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World Changing Ideas

Why Did The U.S. Let Highways Ruin Its Cities, And How Can We Fix It?

An exploration of the history of America's misguided urban highway building—and how it is starting to change.

Why Did The U.S. Let Highways Ruin Its Cities, And How Can We Fix It?

Photos: iofoto via Shutterstock

It’s obvious today that highways have no place in our cities, but back in the '50s, '60s, and '70s, they must have seemed like a good idea or they would never have been built. That, along with good old cash, was motivation enough for cities to slice themselves apart by allowing highways to cut through their centers.

Writing in Vox, Joseph Stromberg details the history of the highway system, which saw a shift from private tolls to publicly funded roads. The pressure for this came from the auto industry, seeking to avoid the money-losing private infrastructure that had collapsed under the railroads and streetcar networks. Today, the system is almost 60 years old, and has cost around $500 billion.

Postwar, urban highway development really got going, and—crucially—the plan for the entire highway network, including the paths that it would take through city centers, was decided by engineers. "They were trained to design without much consideration for how a highway might impact urban fabric," wrote Joseph DiMento in Changing Lanes, his book on the history of highways. "They were worried about the most efficient way of moving people from A to B." As long as individual states agreed to these paths, the federal government would pay for 90% of the new roads’ construction costs.

But of course it wasn’t so simple. At the local level, highways were often routed through poorer black neighborhoods. "There was also a racially motivated desire to eliminate what people called 'urban blight,’" writes DiMento. "The funds were seen as a way to fix the urban core by replacing blight with freeways."

But, as we know today, this didn’t work as planned. Even if destroying black neighborhoods had somehow led to those displaced communities becoming rich, the very act of building a highway cut off other sections of the city, and they withered, economically, because if it. Poverty wasn’t cured. It was just redistributed. The wealthy, moving to newly conceived suburbs, drove into the city to work, bypassing these neighborhoods entirely. Outside of the cities, rural businesses withered when highways siphoned traffic right past their small towns.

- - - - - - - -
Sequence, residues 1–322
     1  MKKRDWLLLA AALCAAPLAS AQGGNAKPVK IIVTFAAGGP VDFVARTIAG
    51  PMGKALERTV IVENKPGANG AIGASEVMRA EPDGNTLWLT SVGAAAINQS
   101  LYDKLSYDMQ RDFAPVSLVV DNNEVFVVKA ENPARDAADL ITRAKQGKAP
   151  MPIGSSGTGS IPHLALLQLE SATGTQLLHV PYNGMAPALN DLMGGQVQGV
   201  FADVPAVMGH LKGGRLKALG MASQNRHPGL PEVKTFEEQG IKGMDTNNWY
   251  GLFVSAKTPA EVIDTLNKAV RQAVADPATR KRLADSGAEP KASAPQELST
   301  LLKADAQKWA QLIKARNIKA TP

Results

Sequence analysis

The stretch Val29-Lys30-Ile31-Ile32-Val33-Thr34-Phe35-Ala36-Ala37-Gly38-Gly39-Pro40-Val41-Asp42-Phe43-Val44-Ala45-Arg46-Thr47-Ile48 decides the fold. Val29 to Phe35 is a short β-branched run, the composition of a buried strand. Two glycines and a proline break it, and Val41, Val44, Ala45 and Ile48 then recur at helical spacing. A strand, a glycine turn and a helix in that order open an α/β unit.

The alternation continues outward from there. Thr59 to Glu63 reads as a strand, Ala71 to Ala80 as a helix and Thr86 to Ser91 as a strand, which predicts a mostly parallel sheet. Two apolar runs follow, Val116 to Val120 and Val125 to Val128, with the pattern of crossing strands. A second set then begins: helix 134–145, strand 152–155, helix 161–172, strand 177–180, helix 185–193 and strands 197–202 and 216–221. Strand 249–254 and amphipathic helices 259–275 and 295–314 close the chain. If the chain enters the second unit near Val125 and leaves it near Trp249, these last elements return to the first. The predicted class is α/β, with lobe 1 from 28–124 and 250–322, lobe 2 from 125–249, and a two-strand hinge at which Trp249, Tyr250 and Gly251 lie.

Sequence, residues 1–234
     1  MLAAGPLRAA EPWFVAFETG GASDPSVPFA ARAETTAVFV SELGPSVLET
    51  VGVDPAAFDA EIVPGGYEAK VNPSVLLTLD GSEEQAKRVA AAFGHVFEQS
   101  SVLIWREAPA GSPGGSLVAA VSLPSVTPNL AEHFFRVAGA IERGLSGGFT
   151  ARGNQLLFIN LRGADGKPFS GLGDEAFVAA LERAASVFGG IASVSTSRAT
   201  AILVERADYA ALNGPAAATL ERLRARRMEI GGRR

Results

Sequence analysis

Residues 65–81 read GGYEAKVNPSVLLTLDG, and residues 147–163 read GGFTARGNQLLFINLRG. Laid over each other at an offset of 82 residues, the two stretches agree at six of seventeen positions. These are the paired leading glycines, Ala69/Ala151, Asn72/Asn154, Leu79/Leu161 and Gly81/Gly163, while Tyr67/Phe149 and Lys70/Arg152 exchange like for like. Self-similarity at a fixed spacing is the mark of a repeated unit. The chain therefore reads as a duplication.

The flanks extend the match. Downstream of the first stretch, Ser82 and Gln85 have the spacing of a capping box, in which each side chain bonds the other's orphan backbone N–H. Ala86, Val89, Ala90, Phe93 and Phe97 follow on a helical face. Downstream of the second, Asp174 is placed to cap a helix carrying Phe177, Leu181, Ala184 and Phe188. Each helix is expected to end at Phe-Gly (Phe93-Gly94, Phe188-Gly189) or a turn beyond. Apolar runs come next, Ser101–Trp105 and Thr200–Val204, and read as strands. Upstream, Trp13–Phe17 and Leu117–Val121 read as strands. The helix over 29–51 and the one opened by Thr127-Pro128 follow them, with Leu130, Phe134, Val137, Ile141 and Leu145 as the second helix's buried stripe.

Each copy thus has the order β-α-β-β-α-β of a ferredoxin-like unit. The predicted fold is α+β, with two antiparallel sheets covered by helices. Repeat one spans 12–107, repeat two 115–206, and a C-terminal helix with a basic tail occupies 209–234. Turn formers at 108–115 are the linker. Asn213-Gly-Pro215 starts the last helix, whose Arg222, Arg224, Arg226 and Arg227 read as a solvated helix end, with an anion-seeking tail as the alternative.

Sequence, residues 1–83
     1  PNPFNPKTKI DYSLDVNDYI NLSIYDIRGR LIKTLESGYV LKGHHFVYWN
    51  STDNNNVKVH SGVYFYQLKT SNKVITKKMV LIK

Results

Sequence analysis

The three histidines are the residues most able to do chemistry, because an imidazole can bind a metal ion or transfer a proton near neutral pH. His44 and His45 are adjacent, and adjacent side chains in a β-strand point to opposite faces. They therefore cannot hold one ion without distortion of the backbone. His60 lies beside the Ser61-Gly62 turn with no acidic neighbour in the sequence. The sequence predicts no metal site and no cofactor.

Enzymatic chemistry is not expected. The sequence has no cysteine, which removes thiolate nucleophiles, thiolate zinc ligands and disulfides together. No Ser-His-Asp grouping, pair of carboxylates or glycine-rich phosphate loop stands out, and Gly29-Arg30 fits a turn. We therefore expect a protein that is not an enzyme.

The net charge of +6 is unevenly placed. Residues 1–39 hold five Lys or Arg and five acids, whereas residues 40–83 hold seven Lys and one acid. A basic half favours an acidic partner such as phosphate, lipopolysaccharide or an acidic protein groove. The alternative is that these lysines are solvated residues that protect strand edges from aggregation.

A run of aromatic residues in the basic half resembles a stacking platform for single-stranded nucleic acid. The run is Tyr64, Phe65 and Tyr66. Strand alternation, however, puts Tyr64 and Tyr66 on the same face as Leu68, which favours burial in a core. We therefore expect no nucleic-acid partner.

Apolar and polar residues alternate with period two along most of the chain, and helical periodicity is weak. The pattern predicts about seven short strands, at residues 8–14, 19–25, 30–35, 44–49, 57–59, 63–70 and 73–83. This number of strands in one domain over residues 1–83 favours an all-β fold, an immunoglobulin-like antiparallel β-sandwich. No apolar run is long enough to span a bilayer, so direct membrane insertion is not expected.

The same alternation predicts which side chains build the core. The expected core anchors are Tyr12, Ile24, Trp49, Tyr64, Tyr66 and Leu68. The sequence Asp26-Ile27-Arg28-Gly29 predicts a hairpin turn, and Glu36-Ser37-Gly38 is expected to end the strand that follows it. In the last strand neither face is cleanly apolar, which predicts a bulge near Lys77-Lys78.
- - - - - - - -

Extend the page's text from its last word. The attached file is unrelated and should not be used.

Almost half a million households were displaced during the first 20 years of highway construction, said Transportation Secretary Anthony Foxx in a speech in March. A highway was built through Foxx’s own neighborhood when he was a boy, and his street was walled in. "Areas of this country where infrastructure is supposed to connect people, in some places it’s actually constraining them," he said.

While even Foxx can’t dismantle the highways, he can stop the same thing from happening again. His new initiative, called Ladders for Opportunity, aims at improving the way infrastructure is repaired and replaced.

Its idea is that fixing infrastructure in cities to make it more racially and economically inclusive can boost the economy. "Look at our basic sidewalk infrastructure," Foxx said. "You see these roads are really designed for cars, not people. There are no sidewalks, and where you see sidewalks, there are no crosswalks."

This kind of design not only discourages pedestrians, it makes it all but impossible to move around except by car, and that means that the drivers couldn’t get out and walk even if they wanted to. In a nation suffering an epidemic of obesity, this is just one more way that bad infrastructure can kill.

The job is a difficult one, to be sure. In a neat twist on the feds forcing local governments to allow the highways in the first place, Foxx says that today, local politics can delay or scuttle federal projects, such as the Baltimore Red Line light rail project that ended up being canceled.

But we are getting somewhere. If it seems crazy that engineers in the 1950s were allowed to design the highways system centrally, without any thought for the consequences of chopping up communities, then it’s because today we already expect a lot better of our planning agencies (even though traffic studies are almost useless).

Most of all, we’re finally getting sick of cars ruining our cities. In Europe, something is being done about it—Barcelona has its traffic-free "superblocks", London is investing in electric delivery vehicles, and Germany is building a car-free neighborhood. Now it’s America’s turn to stop discriminating against people based on their mode of transport.

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